I know what I know I'll sing what I said We come and we go That's a thing that I keep In the back of my head -Paul Simon, "I Know What I Know", Graceland

I was digging around some odds and ends over at the Didacts site, chasing rabbits down holes, and “INTJ” caught my eye. He has posted several times on introverts, and, I am one, so seeing a site in the sidebar about INTJ’s didn’t surprise me. The site wasn’t bad – think of it as more of a very personal set of insights rather than a general overview – but still a lot of good introspection and self-analysis. One article headline jumped out. “INTJ – I Know What I Know & What I Don’t Know“. A couple excerpts are relevant. First:

…if we know something or don’t know something then we will just tell you.

Thinking back, even when I was more insecurely wrapped in being the smart kid who “knew everything” – I wasn’t sorely tempted to claim knowledge of something I did not know. If anything, I found it difficult to bullshit together a response to “short essay” questions to which I did not know the answer clearly. I was perfectly willing to say “I don’t know.” Yes, in my youth, when I was more wrapped up in “I’m awesome because I’m smart” it hurt to have to admit it, but these days, after years of meeting far too many people who were experts at things I would never have time to study, I don’t care. I’ve even had bystanders laugh at the look of puzzlement on my face when accused of “you can’t admit you don’t know something.”

Of course:

HOWEVER, the thing is though, we, as INTJs, when interested in something, we research the hell out of that topic –

The key phrase here is actually not “research the hell out of the topic”, but “when interested in something.” If not interested, I may learn something anyway because I’m “interested” – the teacher was badgering me, it is a tedious detail I need to know it for work even if I don’t want to otherwise.

This doesn’t just extend to what I learn, but also to why I rarely tell people I don’t know. If I’m not interested, I rarely talk about it, if I am interested, anyone short of a professional with experience in the field or a dedicated and experienced hobbyist is unlikely to be better informed. Yes, I’ve been known to be wrong on my supposed level of knowledge. When shown wrong, I stand corrected and update “what I know.”

I care more about arriving at the truth than already having it when I started a conversation.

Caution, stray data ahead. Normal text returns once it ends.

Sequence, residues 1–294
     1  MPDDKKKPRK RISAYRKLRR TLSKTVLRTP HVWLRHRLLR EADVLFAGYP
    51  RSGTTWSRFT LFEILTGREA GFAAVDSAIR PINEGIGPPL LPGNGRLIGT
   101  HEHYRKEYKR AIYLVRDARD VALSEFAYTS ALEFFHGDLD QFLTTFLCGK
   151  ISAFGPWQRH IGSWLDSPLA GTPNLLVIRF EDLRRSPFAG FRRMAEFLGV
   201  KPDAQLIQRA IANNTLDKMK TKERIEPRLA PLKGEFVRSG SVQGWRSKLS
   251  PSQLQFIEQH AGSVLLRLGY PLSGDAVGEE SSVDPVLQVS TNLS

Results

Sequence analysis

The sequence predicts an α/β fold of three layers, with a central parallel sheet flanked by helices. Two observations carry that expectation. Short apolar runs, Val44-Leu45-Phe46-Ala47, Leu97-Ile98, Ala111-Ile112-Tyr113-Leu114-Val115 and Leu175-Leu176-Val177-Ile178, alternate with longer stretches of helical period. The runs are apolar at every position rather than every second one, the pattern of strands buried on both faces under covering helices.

Furthermore, we instantly say, “I know”, because we have already jumped to the conclusion whereby your conversation was built upon. We already got your point, so when people vomits excessive information before getting to the “moral of the story”, we already look like a stubborn idiot whereby we either have a certain irritated expression of exasperation on our face or our hands are motioning for that person to hurry up (personally, I use the phrase “fast forward”, a lot).

I’m very guilty of this kind of thing. Someone starts making a statement. They’re either repeating themselves after I’ve acknowledged them, or I’m damn aware of whatever issue they think they’re bringing to my attention, and say “I know” as a shorthand for “and I know what I’m doing/you already informed me, please shut up and stop wasting my time.”

Worse – “we already got to your point,” I’m extremely guilty of cutting people off when something they say shows their fundamental principles and assumptions are off so I don’t want to hear anything else, or I recognize a talking point/train of logic that inevitably goes somewhere, even if they hadn’t specifically said it before. My success rate isn’t perfect – about one in ten times it turns out that I hadn’t anticipated what was to be said correctly, and yes, I’ve been known to admit that.

I try to work on listening more.

On the other hand, as for when we do not know some things, we will either tell you or just stay quiet – some topics do not pique our interest nor do we feel that we are comfortable enough to have an opinion on it. We sometimes do not feel ‘qualified’ to speak about the topic at hand – yes, we are VERY aware of what we do not know and we acknowledge this. The problem is whether the topic makes us interested enough to commence a research afterwards.

Like I said – if I  don’t know, I may be interested enough in the *people* to pay attention, but, I need to be interested in learning more in order to speak up for more than polite “uh huh” noises. Even if I am interested, I often wait to see where it goes instead of hijacking the conversation.  
> The annoying thing about being certain about our knowledge is that, we are seen as not open-minded – this is such a misconstrued assumption. Open minded people acknowledge their faults and questions everything and themselves. Even if we know what we know, that does not mean that we do not plan on expanding our knowledge; it just so happens that the topic may not have piqued our interest yet and so it is not our priorities at the moment.
This goes back to accusations that – because I argue what I believe is true, that I’m close-minded and “have to be right.” While some of the things I believed were wrong, I also constantly reality-check, and have changed my mind on a number of things. That said – I doubt anyone is going to convince me that socialism and communism are good, even if I have long had issues with big “L” libertarians that led me into the alt-west wing of the alt-right.Of course, there are also “unknown unknowns”, which, like the universe, are limitless.